A figure in French society and literary circles, she numbered Madame de La Fayette and La Rochefoucauld among her close friends, went to the plays of Corneille, Racine and Moliere, kept an alert eye on court scandal and the intrigues of the King's mistresses, and followed political events from the Revocation of the Edict of Nantes to the arrival in France of James II. All this, the people, the places and conversations, as well as Madame de Sevigne's own personal and family preoccupations, are discussed in her letters. They form a fascinating documentary on her life and age, related as they are with a vivacious sense of humour and a rare descriptive gift that combines with a love of nature unusual in her time.
One of the world's greatest correspondents, Madame de Sévigné paints an extraordinarily vivid picture of France at the time of Louis XIV, in eloquent letters written throughout her life to family and friends. A significant figure in French society and literary circles, whose close friends included Madame de La Fayette and La Rochefoucauld, she reflected on both significant historical events and personal issues, and in this selection of the most significant letters, spanning almost fifty years, she is by turns humorous and melancholic, profound and superficial. Whether describing the new plays of Racine and Molière, speculating on court scandals - including the intrigues of the King's mistresses - or relating her own family concerns, Madame de Sévigné provides throughout an intriguing portrait of the lost age of Le Roi Soleil.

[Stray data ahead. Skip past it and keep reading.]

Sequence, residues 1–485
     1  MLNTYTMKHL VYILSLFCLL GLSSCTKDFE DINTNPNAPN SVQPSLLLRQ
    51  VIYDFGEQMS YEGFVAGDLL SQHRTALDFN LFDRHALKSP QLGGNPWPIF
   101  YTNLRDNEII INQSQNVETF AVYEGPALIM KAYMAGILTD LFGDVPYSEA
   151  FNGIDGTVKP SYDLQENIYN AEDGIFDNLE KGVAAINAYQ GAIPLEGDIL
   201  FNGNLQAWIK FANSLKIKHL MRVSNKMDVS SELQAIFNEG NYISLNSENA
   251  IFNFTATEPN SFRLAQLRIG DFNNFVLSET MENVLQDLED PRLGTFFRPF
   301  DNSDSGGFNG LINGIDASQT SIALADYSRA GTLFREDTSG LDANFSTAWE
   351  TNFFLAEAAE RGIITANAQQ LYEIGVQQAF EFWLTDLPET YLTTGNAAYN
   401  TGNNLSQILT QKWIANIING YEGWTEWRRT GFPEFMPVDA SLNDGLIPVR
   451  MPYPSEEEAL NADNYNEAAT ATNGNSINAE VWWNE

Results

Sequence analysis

For more than seventy years, Penguin has been the leading publisher of classic literature in the English-speaking world. With more than 1,700 titles, Penguin Classics represents a global bookshelf of the best works throughout history and across genres and disciplines. Readers trust the series to provide authoritative texts enhanced by introductions and notes by distinguished scholars and contemporary authors, as well as up-to-date translations by award-winning translators.
Madame de Sévigné (1626-1696). Widowed at 26, Sevigne spent most of her time in Paris, where she became a popular member of the salons and the court, considered as a especially witty conversationalist. In early 1671, Francoise and her infant daughter left for Provence, and the letters that would make up the largest bulk of Sevigne's correspondence (68% of her extant letters) began. Francoise Sevigne wrote to her daughter whenever they were apart---at least weekly, sometimes more frequently---giving her court news (valuable to the Grignans, far from the center of power), Parisian gossip, advice (usually unwanted), and always expressions of her love.
Have a question about this product? Ask us here.